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will ammo explode in fire

Discussion in 'General Gun Discussions' started by michiganfan, Jan 21, 2003.

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  1. michiganfan

    michiganfan Member

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    I was at the range tonight and the guy running it told me that ammo such as pistol and rifle would not explode if you threw it in fire. He said it would just sort of fizzel. Will ammo explode if it is in a fire?
     
  2. CWL

    CWL Member

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    Nope.

    Ammunition is dangerous when held in a chamber and fired under high pressure down a barrel. This causes the velocity & destruction.

    Loose cartridges will cook off & pop their bullets somewhat like a boiling pot popping it's lid. Perhaps not pleasant but far from overtly dangerous.

    Gunpowder and modern 'propellants' are just that, they burn fast & generate gasses. They are not explosive.

    Bullets need to be fired within a constricted space (like a gun) to be dangerous.
     
  3. Kilgor

    Kilgor Member

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    I know that .22 rimfire will pop with pretty good velocity in a 55 gallon metal trash barrel when subjected to fire. It takes about 5 minutes before they start to pop.
     
  4. Kahr carrier

    Kahr carrier Member

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  5. WESHOOT2

    WESHOOT2 Member

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    ACTUAL

    I've observed 5x56 cook off and move the case (and shrapnel) at a pretty good clip.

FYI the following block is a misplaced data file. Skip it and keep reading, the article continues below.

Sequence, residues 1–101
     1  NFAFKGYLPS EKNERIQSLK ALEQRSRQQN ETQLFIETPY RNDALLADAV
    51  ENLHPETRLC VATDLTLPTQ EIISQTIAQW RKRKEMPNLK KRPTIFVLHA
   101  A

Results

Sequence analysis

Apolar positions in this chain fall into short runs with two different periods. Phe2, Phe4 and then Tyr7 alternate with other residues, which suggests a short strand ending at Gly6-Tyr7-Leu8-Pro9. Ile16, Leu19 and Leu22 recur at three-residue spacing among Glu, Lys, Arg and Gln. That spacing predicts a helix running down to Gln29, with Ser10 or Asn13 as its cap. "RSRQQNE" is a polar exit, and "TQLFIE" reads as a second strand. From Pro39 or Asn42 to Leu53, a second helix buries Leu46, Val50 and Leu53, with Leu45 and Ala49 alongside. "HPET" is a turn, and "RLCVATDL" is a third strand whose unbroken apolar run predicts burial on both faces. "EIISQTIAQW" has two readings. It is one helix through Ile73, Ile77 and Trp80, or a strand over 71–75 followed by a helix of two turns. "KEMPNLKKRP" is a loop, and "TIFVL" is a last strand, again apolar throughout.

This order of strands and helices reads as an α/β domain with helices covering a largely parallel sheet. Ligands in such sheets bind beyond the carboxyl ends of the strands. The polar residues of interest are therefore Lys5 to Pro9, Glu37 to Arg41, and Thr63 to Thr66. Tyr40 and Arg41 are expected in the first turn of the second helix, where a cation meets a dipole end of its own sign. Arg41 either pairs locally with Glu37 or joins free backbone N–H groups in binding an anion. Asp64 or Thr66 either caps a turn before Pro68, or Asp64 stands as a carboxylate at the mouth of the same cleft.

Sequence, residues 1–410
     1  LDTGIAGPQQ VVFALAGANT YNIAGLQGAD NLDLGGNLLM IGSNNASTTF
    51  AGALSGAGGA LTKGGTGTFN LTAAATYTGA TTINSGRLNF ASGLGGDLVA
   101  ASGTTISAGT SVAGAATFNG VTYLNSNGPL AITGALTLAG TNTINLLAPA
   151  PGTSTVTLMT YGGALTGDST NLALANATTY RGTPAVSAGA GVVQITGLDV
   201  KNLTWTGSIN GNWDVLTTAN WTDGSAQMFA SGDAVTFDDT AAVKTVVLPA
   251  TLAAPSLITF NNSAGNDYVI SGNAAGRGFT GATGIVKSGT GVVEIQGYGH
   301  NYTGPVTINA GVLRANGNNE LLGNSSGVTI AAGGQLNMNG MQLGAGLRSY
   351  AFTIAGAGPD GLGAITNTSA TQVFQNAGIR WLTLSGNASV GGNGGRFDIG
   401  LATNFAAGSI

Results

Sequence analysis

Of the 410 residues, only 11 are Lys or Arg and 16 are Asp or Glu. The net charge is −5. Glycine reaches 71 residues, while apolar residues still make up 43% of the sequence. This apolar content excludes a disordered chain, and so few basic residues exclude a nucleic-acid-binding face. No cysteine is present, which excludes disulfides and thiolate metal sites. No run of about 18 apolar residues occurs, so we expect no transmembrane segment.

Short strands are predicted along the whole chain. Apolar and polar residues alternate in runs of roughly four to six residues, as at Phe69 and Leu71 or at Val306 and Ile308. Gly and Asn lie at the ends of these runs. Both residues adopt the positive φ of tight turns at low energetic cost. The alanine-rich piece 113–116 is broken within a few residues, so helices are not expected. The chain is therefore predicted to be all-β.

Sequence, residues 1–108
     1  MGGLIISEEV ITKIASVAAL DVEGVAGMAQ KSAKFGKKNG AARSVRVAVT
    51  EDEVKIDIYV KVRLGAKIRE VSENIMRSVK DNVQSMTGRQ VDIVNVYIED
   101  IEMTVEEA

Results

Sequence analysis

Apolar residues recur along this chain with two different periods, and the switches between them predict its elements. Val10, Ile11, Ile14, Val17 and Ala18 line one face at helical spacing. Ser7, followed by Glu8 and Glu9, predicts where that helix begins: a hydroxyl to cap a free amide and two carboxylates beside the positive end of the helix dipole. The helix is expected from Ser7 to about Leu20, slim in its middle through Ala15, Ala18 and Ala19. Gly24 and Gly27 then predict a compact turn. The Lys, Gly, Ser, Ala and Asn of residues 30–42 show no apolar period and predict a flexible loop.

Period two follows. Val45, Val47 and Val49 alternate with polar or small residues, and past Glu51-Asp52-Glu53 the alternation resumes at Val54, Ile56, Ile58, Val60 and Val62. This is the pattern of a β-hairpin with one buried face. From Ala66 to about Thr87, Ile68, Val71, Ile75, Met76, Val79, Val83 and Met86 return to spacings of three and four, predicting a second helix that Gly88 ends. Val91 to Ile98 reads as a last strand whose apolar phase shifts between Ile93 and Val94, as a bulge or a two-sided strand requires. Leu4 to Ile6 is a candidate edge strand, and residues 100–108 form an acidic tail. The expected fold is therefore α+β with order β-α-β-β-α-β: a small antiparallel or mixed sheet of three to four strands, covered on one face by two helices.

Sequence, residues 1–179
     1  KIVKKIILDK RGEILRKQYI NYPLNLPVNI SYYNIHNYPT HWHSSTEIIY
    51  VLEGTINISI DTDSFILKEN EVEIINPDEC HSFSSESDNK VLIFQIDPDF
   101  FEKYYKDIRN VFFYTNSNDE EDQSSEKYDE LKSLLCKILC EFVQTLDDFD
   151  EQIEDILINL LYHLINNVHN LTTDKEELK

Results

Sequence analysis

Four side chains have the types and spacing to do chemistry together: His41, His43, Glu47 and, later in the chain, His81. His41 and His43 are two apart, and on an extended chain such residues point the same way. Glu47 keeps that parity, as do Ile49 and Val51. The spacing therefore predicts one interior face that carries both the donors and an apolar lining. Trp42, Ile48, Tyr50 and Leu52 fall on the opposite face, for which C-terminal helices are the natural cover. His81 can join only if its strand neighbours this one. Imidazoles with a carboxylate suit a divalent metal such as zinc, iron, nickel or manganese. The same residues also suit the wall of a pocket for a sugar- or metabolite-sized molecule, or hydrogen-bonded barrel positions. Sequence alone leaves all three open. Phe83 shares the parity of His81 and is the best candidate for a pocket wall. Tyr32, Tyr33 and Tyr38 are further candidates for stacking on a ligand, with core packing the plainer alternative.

The bullet stays; the case moves.
     
  6. 444

    444 Member

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    I work as a firefighter and have been in a number of fires where live ammo was cooking off. The first time, I was concerned, but everyone told me to ignore it. A friend of mine was hit in the chest with a bullet from a cooked off round at a fire. It didn't even hurt.
    They don't just fizzle. There is a report, and the bullet does fly though the air assuming that it was sitting out in the open. But the bullet has very little velocity and I have never heard of anyone being injured as a result. Of course I have to add the disclaimer that this doesn't mean you should do it on purpose to see what happens. It doesn't mean that the next time you get drunk around the campfire at hunting camp that you tempt fate. You may be the one guy in a thousand that does get hurt through some freak turn of events.
     
  7. SodaPop

    SodaPop member

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    One of my friends is a volunteer fireman. They have holes in the side of one of there fire trucks from exploding bullets. I think someone parked the truck a wee bit too close to the burning house.
     
  8. benEzra

    benEzra Moderator Emeritus

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    If ammunition cooking off in a fire put a hole in a fire truck, then the ammo was almost certainly chambered in a firearm (or in a revolver's cylinder) when it cooked off rather than just being in boxes or loose. (If the round is chambered, you get a thermally induced gunshot rather than just a firecracker.)

    American Rifleman actually tried cooking off various types of ammunition and wrote up an article on it a few years back. IIRC, none of the fragments would penetrate a fireman's coat (they tested it), but the primers were going fast enough to cause eye injury if you weren't wearing goggles or a mask, and I'm sure the fragments would sting if they hit bare skin. The yield strength of the unsupported (i.e., unchambered) case is too low to develop significant pressure; it just vents.

    bE
     
  9. JerryN

    JerryN Member

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    Back when I was a voluntee fireman I was at a house-trailer fire where some ammo was cooking off. The Agressive Department boys had used their fancy new circular saw to cut a large hole in the side of this trailer in order to put the wet stuff on the hot stuff. As they peeled the metal down I got too good a look at some pretty impressive fireworks.

    Nothing hit me or anyone else, and it might not have hurt if it had, but what I saw made me think that I didn't want to be doing interior work next to any ammo. Everyone with a good view through the hole on that fire did a pretty good job of disappearing quickly.
     
  10. Bartholomew Roberts

    Bartholomew Roberts Moderator Emeritus